• Abstract: The BepiColombo Laser Altimeter (BELA) is the first European laser altimeter constructed for interplanetary flight. BELA uses a 50 mJ pulsed Nd:YAG laser operating at 10 Hz with a 20 cm aperture receiver to perform the ranging. The instrument also uses a digital approach for range detection and pulse analysis. The ranging accuracy is expected to be better than 2 metres and ∼20 cm in optimum conditions. With the given, only slightly elliptical, orbit, BELA should return a consistent data set for the most if not all of the planet. The instrument is required to function in an extreme environment with the thermal issues being particularly demanding. Novel solutions have been taken to resolve these issues. BELA is described in detail and its predicted performance outlined on the basis of pre-flight testing.
PubDate: 2021-02-15

• The Mars 2020 Perseverance Rover Mast Camera Zoom (Mastcam-Z)
Multispectral, Stereoscopic Imaging Investigation
• Abstract: Mastcam-Z is a multispectral, stereoscopic imaging investigation on the Mars 2020 mission’s Perseverance rover. Mastcam-Z consists of a pair of focusable, 4:1 zoomable cameras that provide broadband red/green/blue and narrowband 400-1000 nm color imaging with fields of view from 25.6° × 19.2° (26 mm focal length at 283 μrad/pixel) to 6.2° × 4.6° (110 mm focal length at 67.4 μrad/pixel). The cameras can resolve (≥ 5 pixels) ∼0.7 mm features at 2 m and ∼3.3 cm features at 100 m distance. Mastcam-Z shares significant heritage with the Mastcam instruments on the Mars Science Laboratory Curiosity rover. Each Mastcam-Z camera consists of zoom, focus, and filter wheel mechanisms and a 1648 × 1214 pixel charge-coupled device detector and electronics. The two Mastcam-Z cameras are mounted with a 24.4 cm stereo baseline and 2.3° total toe-in on a camera plate ∼2 m above the surface on the rover’s Remote Sensing Mast, which provides azimuth and elevation actuation. A separate digital electronics assembly inside the rover provides power, data processing and storage, and the interface to the rover computer. Primary and secondary Mastcam-Z calibration targets mounted on the rover top deck enable tactical reflectance calibration. Mastcam-Z multispectral, stereo, and panoramic images will be used to provide detailed morphology, topography, and geologic context along the rover’s traverse; constrain mineralogic, photometric, and physical properties of surface materials; monitor and characterize atmospheric and astronomical phenomena; and document the rover’s sample extraction and caching locations. Mastcam-Z images will also provide key engineering information to support sample selection and other rover driving and tool/instrument operations decisions.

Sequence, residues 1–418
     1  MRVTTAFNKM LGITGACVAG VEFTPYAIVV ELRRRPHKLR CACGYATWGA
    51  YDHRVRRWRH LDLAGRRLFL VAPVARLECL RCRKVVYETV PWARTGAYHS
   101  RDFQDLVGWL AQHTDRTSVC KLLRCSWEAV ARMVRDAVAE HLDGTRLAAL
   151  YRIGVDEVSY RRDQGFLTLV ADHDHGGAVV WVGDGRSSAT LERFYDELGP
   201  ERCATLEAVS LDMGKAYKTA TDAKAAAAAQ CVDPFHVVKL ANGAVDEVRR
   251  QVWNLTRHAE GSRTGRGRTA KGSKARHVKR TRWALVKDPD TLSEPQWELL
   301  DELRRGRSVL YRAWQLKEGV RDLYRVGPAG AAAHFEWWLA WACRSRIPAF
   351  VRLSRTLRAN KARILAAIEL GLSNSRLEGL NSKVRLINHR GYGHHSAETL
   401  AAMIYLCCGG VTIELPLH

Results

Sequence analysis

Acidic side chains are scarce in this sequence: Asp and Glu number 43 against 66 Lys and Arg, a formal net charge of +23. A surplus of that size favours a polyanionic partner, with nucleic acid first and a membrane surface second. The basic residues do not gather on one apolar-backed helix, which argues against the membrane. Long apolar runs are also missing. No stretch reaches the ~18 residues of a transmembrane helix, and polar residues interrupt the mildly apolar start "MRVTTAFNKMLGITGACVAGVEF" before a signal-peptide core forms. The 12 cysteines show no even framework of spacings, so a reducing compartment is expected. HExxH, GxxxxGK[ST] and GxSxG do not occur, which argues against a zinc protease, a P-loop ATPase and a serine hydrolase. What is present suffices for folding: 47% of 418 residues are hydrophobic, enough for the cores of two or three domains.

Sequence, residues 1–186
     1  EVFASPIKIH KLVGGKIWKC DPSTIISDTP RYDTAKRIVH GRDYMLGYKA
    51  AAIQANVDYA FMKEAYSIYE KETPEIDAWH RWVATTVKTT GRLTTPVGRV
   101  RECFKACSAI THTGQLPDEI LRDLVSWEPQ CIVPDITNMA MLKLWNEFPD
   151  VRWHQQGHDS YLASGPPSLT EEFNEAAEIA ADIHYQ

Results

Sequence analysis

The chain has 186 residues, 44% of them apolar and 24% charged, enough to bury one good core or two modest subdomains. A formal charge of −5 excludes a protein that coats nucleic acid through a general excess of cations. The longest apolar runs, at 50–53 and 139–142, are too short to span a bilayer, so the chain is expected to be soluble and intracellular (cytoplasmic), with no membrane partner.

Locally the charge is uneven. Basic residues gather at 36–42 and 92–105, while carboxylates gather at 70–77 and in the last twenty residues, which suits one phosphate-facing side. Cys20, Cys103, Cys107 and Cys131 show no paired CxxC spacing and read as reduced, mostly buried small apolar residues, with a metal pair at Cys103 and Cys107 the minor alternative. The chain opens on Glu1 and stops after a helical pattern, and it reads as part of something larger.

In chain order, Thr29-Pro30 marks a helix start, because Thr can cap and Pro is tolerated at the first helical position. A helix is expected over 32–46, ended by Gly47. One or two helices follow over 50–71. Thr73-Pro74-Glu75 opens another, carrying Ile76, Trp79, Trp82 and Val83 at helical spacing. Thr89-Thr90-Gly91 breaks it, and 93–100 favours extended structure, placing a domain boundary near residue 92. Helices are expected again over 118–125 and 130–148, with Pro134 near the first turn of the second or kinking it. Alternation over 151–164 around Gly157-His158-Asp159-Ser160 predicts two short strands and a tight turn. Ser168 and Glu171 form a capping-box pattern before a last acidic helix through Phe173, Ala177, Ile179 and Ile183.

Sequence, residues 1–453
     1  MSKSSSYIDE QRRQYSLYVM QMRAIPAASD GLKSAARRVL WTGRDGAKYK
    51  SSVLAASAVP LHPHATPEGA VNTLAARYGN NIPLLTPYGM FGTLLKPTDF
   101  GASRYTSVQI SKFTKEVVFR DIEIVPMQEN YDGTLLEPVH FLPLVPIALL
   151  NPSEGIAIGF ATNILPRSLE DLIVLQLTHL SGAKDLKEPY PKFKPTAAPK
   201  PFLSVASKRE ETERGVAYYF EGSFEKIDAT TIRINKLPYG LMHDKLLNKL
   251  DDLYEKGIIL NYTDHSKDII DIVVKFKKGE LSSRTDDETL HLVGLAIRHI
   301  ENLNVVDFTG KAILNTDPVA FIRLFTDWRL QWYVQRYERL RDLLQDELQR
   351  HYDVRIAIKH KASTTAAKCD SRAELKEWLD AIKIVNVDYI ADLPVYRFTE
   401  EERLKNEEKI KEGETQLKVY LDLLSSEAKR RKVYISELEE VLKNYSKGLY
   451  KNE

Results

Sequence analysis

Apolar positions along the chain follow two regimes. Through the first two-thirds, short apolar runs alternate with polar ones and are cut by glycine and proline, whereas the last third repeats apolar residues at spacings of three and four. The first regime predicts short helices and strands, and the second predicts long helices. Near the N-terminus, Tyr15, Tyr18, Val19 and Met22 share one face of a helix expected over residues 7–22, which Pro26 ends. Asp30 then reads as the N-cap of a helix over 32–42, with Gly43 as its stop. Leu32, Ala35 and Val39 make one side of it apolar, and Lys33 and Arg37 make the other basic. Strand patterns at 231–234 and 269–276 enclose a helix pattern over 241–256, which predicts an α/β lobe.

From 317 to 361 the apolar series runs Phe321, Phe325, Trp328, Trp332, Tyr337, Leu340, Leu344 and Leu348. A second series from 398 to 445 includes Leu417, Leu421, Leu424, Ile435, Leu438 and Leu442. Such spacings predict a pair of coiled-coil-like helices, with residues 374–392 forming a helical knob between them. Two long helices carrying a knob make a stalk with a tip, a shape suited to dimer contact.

PubDate: 2021-02-15

• BepiColombo Science Investigations During Cruise and Flybys at the Earth,
Venus and Mercury